A good pitch of an idea provokes feedback of the audience. If people are just sitting there, watching politely, smiling, and walking out of the room, you are unlikely to land an investment.
When you get feedback (praise, criticism, difficult questions), it is important to realise who it is coming from. Do people care about you, want to help you? Do you they have the right background?
- Your mother: she totally admires everything you do, but in most cases might not have deep knowledge of what it is you are actually doing
- An industry incumbent who cannot see any change happening having worked in the field for 30 years
- A (potential) competitor who is jealous
- A friendly investor who does not understand the field
- A friendly investor who does understand the field
- An interested investor who is negotiating with you
- A friend of a friend of a friend who is an expert in the field but who was arm twisted in listening to you to return a favour but does not really have time for this and/or you
Pay special attention to people who know what they are talking about, or people that are an example of a type of audience you are going to pitch to a lot (confident, successful investors, that might not fully understand the ins and outs of your market). Group one helps you bullet proof the content, group 2 helps you bullet proof the presentation.
What sort of feedback do you get:
- Generic praise
- Generic suggestions to change your presentation (summarise everything early on, re-order these 2 slides, cut the amount of charts to max 10, the 10/20/30 rule)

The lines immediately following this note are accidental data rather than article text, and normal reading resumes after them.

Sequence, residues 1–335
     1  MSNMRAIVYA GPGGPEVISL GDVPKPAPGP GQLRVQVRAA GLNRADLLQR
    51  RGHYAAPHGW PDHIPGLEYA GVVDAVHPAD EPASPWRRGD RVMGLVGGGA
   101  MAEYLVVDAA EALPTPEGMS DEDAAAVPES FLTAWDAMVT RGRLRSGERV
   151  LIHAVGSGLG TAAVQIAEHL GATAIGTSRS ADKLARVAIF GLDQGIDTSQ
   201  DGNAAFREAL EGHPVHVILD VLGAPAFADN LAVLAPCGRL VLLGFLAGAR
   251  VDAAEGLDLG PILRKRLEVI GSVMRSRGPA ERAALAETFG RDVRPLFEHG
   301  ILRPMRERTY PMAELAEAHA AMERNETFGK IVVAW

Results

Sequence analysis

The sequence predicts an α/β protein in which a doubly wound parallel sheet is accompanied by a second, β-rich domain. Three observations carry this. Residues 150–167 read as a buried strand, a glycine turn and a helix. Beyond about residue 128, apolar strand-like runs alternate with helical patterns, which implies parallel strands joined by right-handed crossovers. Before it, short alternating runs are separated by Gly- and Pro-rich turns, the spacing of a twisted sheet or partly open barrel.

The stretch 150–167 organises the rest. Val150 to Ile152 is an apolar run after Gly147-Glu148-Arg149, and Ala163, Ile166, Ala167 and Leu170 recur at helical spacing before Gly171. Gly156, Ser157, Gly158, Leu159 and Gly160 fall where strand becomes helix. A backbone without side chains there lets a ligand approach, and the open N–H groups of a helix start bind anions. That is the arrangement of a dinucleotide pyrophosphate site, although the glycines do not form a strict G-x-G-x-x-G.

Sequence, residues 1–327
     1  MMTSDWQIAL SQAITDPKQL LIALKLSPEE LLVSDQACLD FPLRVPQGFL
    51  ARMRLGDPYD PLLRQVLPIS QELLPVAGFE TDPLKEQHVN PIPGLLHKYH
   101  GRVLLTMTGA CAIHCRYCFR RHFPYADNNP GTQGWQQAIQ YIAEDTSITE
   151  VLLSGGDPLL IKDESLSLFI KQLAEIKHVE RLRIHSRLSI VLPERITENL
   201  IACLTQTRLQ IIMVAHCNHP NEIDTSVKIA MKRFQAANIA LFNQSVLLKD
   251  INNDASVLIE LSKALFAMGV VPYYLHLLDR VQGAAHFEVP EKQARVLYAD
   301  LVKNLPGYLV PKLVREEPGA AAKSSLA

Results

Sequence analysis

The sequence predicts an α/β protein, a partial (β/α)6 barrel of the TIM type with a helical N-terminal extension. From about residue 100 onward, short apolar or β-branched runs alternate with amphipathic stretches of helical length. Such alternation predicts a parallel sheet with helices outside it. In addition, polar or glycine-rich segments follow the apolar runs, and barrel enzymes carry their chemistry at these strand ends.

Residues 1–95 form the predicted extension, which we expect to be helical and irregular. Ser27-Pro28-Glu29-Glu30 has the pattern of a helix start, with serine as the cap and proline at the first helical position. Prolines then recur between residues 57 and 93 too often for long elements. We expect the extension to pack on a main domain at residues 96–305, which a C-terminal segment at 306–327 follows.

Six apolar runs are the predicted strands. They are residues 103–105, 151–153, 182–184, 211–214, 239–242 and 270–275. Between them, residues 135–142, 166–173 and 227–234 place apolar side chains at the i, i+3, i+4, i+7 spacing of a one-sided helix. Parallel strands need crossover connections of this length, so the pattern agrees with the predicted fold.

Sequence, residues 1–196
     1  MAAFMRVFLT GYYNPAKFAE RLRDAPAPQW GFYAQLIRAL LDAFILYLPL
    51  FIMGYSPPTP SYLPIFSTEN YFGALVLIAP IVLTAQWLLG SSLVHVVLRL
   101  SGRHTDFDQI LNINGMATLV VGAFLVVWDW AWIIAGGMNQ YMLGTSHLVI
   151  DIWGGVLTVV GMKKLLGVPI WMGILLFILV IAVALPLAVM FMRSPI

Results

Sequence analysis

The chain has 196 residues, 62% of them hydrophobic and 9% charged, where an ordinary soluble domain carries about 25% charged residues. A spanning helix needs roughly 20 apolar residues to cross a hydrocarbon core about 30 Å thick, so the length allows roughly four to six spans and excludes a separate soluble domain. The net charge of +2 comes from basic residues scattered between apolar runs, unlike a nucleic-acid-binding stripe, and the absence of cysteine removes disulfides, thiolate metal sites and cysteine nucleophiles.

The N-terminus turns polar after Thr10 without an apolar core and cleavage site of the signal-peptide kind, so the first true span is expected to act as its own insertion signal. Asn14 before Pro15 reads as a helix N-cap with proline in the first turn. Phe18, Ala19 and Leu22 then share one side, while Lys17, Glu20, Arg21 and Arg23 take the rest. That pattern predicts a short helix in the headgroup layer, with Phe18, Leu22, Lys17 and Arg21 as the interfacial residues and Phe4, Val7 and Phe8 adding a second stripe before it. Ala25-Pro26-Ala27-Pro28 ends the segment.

- An easy question with 3 buzzwords in them
- A difficult question that you know is a difficult question but you don't have the answer to
- A difficult question that you thought you explained well in the presentation
- A difficult question that you heard for the first time
Some feedback can be ignored (the audience is not qualified, the feedback is generic, polite small talk). Some feedback is an "attack" aimed at hurting you (a competitor who feels threatened, an investor who wants to push the valuation down). But most feedback probably is from people who try to be helpful or really don't understand something.
Faced with criticism, humans tend to go in defence mode. We hardly let the questioner finish her question. We don't read body language. We fire away our ammunition. Repeat the same answer, the same slide one more time, forgetting that it failed to convince the audience the first time. Point at a huge Excel model (cell C27) that has 5000 lines of code that proves that you are right. Do what politicians do: divert the attention to another issue.
The most useful feedback might a small unexpected question, from someone who has no reason to help you, is not negotiating with you, has no time for this meeting, and is a huge expert in the field. Read the body language. Ask the person to elaborate on the question. Ask why she thinks it is an issue, what experience does she base it on.
Other good candidates for feedback are potential customers or users. Hold your fire, and listen carefully.
Sometimes it is useful to ask a lot of questions to the people who ask you questions.